We'd like to see an academic (who might have the time to pursue this) research the mass tort cases (since about 1985 or so, when modern mass torts sprung into being) to determine the percentage of cases in which protective orders have been violated and the number of times courts have tracked down and punished the violator. If, as we suspect, protective orders are routinely ignored, but violators are rarely punished, that fact should influence how courts conduct future cases. If courts can't honestly tell defendants that protective orders will be enforced, what should follow from that? Should particularly sensitive documents not be produced at all? Should document depositories be protected more carefully? Are there other implications for future cases?

Hey...I'm an academic.  Sounds interesting to me.  Anyone want to give me a head start?  E-mail me (wchilds AT law DOT wnec DOT edu) any briefing and orders you've got from mass torts in that time frame.

December 18, 2006 in MDLs and Class Actions | Permalink | Comments (0) | TrackBack (0)

Space Flight Regs & Waivers

The FAA has released its first-ever regulations for commercial space tourism, including broad waivers of liability and detailed descriptions of those risks of which customers must be informed.  One of several complete waivers provided in full in the regs:

Appendix C to Part 440--Agreement for Waiver of Claims and Assumption of Responsibility for Permitted Activities

THIS AGREEMENT is entered into this ---- day of --------, by and among [Permittee] (the ``Permittee''), [Customer] (the ``Customer'') and the Federal Aviation Administration of the Department of Transportation, on behalf of the United States Government (collectively, the ``Parties''), to implement the provisions of section 440.17(c) of the Commercial Space Transportation Licensing Regulations, 14 CFR Ch. III (the ``Regulations''). This agreement applies to [describe permitted activity]. In consideration of the mutual releases and promises contained herein, the Parties hereby agree as follows:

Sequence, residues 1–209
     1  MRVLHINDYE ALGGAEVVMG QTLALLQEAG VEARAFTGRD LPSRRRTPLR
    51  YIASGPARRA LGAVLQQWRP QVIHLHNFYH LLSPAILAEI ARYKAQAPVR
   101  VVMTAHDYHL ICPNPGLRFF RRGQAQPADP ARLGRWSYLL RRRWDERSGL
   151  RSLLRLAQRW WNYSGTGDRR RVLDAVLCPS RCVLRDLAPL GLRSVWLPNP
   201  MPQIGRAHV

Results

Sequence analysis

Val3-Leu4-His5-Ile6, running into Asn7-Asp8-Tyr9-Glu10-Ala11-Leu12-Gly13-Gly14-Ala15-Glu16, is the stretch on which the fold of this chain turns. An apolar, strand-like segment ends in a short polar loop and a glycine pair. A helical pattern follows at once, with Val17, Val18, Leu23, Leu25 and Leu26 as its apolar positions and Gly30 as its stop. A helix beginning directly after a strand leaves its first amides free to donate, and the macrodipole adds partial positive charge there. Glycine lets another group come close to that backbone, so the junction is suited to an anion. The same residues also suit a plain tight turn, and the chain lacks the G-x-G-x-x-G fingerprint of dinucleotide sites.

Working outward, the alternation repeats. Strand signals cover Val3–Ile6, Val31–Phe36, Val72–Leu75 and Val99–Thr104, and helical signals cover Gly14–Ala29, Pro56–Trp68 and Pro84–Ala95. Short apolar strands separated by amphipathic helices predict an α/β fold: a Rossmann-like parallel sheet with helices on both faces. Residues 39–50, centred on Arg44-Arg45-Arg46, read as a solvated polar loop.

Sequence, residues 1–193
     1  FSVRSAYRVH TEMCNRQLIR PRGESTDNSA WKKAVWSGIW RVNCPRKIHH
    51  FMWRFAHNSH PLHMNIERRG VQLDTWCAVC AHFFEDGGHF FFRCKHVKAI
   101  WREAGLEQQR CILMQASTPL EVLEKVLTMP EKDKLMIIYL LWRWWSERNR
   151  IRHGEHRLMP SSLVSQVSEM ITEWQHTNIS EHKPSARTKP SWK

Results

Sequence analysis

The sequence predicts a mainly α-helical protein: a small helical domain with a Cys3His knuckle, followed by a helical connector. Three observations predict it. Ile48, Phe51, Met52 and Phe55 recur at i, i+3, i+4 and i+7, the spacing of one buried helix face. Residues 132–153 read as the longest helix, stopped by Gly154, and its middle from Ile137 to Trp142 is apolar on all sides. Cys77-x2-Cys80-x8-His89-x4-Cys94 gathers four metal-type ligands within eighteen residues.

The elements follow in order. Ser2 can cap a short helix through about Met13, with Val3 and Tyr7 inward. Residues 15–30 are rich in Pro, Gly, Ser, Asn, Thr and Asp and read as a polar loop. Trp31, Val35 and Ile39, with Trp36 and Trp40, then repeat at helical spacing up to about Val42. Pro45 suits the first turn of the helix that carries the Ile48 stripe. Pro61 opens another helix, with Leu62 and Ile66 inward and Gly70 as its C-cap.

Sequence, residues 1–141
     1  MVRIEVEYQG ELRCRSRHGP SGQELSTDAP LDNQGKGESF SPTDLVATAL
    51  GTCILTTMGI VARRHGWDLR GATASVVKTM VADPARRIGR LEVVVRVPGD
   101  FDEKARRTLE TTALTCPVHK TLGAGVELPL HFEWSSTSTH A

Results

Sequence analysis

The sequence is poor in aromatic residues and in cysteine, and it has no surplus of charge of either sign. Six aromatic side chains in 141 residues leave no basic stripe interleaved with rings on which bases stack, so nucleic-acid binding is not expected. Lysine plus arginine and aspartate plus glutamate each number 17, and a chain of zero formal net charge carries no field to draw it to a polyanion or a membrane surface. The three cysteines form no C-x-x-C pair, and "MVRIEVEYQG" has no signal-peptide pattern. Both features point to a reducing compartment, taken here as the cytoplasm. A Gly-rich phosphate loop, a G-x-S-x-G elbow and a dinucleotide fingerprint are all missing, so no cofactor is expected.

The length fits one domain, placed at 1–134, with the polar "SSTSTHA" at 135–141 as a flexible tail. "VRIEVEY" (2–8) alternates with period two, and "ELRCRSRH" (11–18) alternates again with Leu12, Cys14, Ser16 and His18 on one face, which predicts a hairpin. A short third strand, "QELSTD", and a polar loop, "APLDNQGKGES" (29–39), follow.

1. Definitions

Customer means the above-named Customer on behalf of the Customer and any person described in Sec. 440.3 of the Regulations.

Permit means Permit No. ----issued on --------, by the Associate Administrator for Commercial Space Transportation, Federal Aviation Administration, Department of Transportation, to the Permittee, including all permit orders issued in connection with the Permit.

Permittee means the holder of the Permit issued under 49 U.S.C. Subtitle IX, ch. 701.

United States means the United States and its agencies involved in Permitted Activities.

Except as otherwise defined herein, terms used in this Agreement and defined in 49 U.S.C. Subtitle IX, ch. 701--Commercial Space Launch Activities, or in the Regulations, shall have the same meaning as contained in 49 U.S.C. Subtitle IX, ch. 701, or the Regulations, respectively.

2. Waiver and Release of Claims

(a) Permittee hereby waives and releases claims it may have against Customer and the United States, and against their respective Contractors and Subcontractors, for Property Damage it sustains and for Bodily Injury or Property Damage sustained by its own employees, resulting from Permitted Activities, regardless of fault. (b) Customer hereby waives and releases claims it may have against Permittee and the United States, and against their respective Contractors and Subcontractors, for Property Damage it sustains and for Bodily Injury or Property Damage sustained by its own employees, resulting from Permitted Activities, regardless of fault.